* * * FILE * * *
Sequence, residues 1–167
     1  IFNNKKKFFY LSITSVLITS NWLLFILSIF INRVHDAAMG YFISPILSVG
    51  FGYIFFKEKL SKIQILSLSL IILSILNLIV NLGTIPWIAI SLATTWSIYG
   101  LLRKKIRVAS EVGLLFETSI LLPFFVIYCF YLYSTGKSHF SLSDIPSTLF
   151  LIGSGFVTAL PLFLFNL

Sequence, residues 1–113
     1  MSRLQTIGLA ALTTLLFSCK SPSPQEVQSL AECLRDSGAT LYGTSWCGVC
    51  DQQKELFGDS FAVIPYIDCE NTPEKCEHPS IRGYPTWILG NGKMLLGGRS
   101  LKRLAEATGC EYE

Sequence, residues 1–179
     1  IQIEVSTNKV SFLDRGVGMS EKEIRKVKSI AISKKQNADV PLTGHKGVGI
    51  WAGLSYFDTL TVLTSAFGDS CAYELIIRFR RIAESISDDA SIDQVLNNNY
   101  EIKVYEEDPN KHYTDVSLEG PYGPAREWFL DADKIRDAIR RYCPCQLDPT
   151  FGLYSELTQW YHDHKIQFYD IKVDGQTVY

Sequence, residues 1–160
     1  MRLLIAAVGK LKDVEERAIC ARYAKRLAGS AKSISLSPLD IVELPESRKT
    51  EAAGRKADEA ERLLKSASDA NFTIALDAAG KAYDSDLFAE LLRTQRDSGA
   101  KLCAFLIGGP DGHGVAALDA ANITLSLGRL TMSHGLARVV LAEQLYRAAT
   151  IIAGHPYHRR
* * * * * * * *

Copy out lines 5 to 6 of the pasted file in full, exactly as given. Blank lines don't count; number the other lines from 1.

   151  LIGSGFVTAL PLFLFNL

Sequence, residues 1–113